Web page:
Diogenes, call your office: Honest man returns $2 million


Over 100 million boys in the U.S. have repeated the Scout Law, “Trustworthy, Loyal, Helpful, Friendly, Courteous, Kind, Obedient, Cheerful, Thrifty, Brave, Clean, Reverent.”

Jerry Mika of Draper, Utah, lives it.

Jerry Mika, of Draper Utah, with $2 million check sent to him in error - Jeremy Harmon photo, SL Tribune

Mika returned a check for $2,245,342 that the State of Utah had sent him in error (see the Associated Press story in the Provo Daily Herald — photo, above, by Jeremy Harmon, Salt Lake Tribune).

Mika returned the check — a mistake that occurred when an employee entered a serial number, not an amount — to state finance offices Wednesday.

“Clearly we have an honest, honest citizen. I wish I could do something more than say thanks,” commerce department director Francine Giani said.

Can’t Utah grant him a kingdom — half of Millard County or something? A little duchy in Fillmore, Utah?

Mika, who runs the nonprofit Providence Foundation to help Nepalese sherpas, said he’s had great fun showing off the state’s mistake.

“Everybody looked at it, started giggling and asked why I wasn’t already in Switzerland,” he said.

He admits to being tempted to deposit the money and draw a bit interest before the state asked for its return.

“That money would have gone a long way,” he said.

When a company comptroller complained to me once that the $4 million in refunds to our company would mess up his quarterly bookkeeping because he expected the money in the next quarter, I volunteered to park the money in an account for him. He quickly came to his senses. At low, passbook interest rates, the $4 million would have paid $141/hour, 24 hours a day — more than $3,300 a day. A few weeks of that and you’re talkin’ big money.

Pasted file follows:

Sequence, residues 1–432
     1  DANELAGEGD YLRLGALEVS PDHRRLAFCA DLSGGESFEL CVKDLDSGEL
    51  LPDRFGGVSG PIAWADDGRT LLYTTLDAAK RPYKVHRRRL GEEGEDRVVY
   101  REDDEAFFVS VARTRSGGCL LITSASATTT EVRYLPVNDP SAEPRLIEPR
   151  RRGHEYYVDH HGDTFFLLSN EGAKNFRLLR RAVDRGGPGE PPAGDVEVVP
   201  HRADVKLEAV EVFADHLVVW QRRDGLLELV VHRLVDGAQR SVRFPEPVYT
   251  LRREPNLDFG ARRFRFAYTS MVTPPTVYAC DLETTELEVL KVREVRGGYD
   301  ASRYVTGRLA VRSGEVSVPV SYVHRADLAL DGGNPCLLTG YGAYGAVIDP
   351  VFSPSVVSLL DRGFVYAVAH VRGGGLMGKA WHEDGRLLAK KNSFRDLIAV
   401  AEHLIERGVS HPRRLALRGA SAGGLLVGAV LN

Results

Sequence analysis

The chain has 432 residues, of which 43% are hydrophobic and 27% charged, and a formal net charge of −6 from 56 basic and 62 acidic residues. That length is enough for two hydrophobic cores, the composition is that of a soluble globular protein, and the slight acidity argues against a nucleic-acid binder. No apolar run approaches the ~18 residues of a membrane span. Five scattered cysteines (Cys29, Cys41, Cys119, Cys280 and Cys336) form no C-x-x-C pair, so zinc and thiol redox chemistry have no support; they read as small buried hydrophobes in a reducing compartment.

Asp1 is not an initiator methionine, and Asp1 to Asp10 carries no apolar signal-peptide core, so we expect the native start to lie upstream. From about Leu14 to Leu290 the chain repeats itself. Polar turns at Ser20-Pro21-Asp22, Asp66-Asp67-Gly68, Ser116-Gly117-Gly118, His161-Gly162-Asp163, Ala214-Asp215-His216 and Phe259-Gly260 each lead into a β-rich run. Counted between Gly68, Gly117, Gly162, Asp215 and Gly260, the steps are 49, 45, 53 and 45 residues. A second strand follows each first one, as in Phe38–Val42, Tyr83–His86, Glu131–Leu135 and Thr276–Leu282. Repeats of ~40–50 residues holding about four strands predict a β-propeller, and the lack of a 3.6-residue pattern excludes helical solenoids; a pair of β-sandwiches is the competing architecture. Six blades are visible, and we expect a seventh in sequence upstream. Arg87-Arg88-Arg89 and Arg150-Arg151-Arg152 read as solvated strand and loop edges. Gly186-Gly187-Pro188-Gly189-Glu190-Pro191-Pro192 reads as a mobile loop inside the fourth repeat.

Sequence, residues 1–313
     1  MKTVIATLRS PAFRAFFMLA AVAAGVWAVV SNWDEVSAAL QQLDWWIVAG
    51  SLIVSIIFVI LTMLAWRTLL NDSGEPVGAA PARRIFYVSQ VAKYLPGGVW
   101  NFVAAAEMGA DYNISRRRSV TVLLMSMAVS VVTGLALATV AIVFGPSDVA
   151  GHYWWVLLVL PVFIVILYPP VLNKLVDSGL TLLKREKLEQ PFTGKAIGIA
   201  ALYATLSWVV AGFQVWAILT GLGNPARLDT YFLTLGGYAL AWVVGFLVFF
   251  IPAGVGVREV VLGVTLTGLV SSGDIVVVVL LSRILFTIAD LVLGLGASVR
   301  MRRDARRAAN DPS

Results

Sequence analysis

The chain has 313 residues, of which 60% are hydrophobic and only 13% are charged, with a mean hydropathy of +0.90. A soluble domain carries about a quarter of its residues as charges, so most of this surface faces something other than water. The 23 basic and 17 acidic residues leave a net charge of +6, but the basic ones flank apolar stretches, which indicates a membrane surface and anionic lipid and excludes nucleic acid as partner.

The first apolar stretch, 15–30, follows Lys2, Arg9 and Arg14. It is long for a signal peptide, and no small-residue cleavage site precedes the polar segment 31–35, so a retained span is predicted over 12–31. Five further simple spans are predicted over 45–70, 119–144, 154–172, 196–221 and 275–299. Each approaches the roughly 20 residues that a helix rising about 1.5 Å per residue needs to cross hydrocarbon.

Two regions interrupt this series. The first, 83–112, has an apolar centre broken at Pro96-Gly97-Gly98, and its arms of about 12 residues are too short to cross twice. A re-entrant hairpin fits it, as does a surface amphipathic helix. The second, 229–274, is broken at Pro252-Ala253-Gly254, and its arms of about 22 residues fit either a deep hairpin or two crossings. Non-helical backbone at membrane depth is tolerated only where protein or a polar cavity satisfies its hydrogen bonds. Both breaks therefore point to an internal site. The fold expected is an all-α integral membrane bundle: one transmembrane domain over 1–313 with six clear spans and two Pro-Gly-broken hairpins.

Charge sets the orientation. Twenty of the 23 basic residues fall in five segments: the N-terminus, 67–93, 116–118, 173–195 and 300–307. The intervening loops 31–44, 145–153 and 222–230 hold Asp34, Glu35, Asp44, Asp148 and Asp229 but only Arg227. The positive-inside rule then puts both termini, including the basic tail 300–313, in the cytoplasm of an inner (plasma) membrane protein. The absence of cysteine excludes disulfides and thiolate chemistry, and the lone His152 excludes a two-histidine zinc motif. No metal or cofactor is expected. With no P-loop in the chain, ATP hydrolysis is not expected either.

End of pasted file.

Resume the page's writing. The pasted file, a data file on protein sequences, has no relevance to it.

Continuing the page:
Because the check was state-issued, cashing it would probably have been easy, despite the large amount, Giani said.

“It was a valid check,” said Rick Beckstead, the state accounting operation manager whose signature is stamped on the check.

How honest are you, Dear Reader? How much of a temptation would it have been to cash that check? (I’ll wager this man is a former Boy Scout; how much does that account for his actions?)

Perhaps you could reward Mr. Mika’s honesty with a contribution to the foundation he operates, The Providence Foundation.

Teachers: Can you see how to make this into a bell-ringer, warm-up exercise?

[Full text of the AP story]

Friday, November 23, 2007

Draper man returns mistaken millions

The Associated Press There are probably a million ways Jerry Mika could spend $2 million dollars.

Trouble is, he couldn’t cash the check.

Expecting a $15 refund from the Utah Department of Commerce, the Draper man opened his mail recently to find a $2,245,342 check.

“I kept trying to find a way to make it legitimate so I could cash it,” he said. “I did think about all the things I could do with the money … who wouldn’t?”

Mika returned the check — a mistake that occurred when an employee entered a serial number, not an amount — to state finance offices Wednesday.

“Clearly we have an honest, honest citizen. I wish I could do something more than say thanks,” commerce department director Francine Giani said.

Giani said the state will implement additional internal controls to catch such mistakes in the future. A new computer system, which only requires entering the amount of a check once, might have contributed to the problem, she said.

Mika, who runs the nonprofit Providence Foundation to help Nepalese sherpas, said he’s had great fun showing off the state’s mistake.

“Everybody looked at it, started giggling and asked why I wasn’t already in Switzerland,” he said.

He admits to being tempted to deposit the money and draw a bit interest before the state asked for its return.

“That money would have gone a long way,” he said.